Volume 404, Number 2, June III 2003
|Page(s)||519 - 531|
|Section||Galactic structure, stellar clusters, and populations|
|Published online||02 June 2003|
3D dynamical evolution of the interstellar gas in the Gould Belt
Université Paris VII & CEA/Saclay, Service d'Astrophysique, 91191 Gif-sur-Yvette, France
Corresponding author: C. Perrot, firstname.lastname@example.org
Accepted: 20 March 2003
The dynamical evolution of the Gould Belt has been modelled in 3D and compared to the spatial and velocity distributions of all HI and H2 clouds found within a few hundred parsecs from the Sun and to the Hipparcos distances of the nearby OB associations. The model describes the expansion of a shock wave that sweeps momentum from the ambient medium. It includes the effects of the Galactic differential rotation and its gravitational torque, as well as interstellar density gradients within and away from the Galactic plane, possible fragmentation and drag forces in the late stages, and an initial rotation of the system. The evolved Belt geometry and velocity field have been fitted to the directions and velocities of the nearby clouds using a maximum-likelihood test. In order to do so, local clouds have been systematically searched for in the available HI and CO surveys. The likelihood function also included a distance estimate for a subset of well-known clouds. The best fit to the data yields values for the current Belt semi-axes of pc and pc, and an inclination of . These characteristics are consistent with earlier results, but a different Belt orientation has been found because of the presence of new molecular clouds and the revised distance information: the Belt centre currently lies pc away from the Sun, towards the Galactic longitude , and the ascending node longitude is . The Belt characteristics are independent of initial rotation. The present Belt rim is found to coincide with most of the nearby OB associations and H2 clouds, but the Belt expansion bears little relation to the average association velocities and the younger ones are surprisingly found farther out from the Belt center. An initial kinetic energy of 1045 J and an expansion age of Myr are required, in good agreement with earlier 2D estimates. The factor of 2 discrepancy that exists between the dynamical Belt age and that derived from photometric stellar ages could not be solved by adding a vertical dimension in the expansion, nor by adding drag forces and fragmentation, nor by introducing an initial rotation. Allowing the Belt to cross the Galactic disc before reaching its present position would require a longer age of 52 Myr, but the very poor fit to the data does not support this possibility.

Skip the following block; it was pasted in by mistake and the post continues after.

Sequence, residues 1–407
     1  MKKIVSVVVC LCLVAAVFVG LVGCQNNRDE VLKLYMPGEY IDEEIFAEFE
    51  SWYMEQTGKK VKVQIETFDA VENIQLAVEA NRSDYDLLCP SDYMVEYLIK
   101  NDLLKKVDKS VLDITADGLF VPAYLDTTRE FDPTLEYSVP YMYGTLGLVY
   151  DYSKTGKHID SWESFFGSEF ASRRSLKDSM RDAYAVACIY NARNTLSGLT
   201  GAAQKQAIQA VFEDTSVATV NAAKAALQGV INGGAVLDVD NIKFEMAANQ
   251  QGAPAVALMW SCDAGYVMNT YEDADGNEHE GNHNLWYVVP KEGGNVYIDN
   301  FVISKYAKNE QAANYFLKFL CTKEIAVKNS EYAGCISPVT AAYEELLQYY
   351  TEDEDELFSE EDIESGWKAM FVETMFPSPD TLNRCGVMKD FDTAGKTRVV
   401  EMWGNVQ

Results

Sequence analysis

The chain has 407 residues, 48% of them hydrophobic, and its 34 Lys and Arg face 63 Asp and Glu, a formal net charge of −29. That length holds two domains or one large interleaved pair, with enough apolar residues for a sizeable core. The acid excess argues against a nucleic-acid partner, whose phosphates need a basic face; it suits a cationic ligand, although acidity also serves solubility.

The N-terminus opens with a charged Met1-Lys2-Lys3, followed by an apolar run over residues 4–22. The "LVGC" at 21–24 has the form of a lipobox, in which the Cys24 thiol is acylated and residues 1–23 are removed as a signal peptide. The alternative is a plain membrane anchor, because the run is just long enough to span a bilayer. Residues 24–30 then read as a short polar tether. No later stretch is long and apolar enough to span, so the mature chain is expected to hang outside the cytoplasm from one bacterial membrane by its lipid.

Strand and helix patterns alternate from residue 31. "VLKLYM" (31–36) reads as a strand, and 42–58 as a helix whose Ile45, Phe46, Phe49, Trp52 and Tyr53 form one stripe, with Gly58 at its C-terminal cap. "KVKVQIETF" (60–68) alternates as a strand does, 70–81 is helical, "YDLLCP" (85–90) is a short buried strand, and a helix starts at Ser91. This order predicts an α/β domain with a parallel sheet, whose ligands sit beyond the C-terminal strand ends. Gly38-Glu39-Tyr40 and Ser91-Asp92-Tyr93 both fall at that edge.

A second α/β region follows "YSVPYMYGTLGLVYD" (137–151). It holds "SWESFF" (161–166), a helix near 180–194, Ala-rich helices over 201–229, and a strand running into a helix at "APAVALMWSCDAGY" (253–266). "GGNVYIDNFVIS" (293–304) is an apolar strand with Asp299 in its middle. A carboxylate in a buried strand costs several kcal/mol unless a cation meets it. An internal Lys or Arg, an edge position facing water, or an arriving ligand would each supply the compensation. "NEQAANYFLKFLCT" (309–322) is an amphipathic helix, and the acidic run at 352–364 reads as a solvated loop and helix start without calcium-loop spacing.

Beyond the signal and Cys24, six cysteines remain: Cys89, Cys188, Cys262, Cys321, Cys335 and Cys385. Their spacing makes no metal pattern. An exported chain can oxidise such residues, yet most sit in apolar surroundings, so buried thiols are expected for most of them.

Key words: shock waves / ISM: clouds / ISM: kinematics and dynamics / open clusters and associations: individual: Gould Belt
© ESO, 2003
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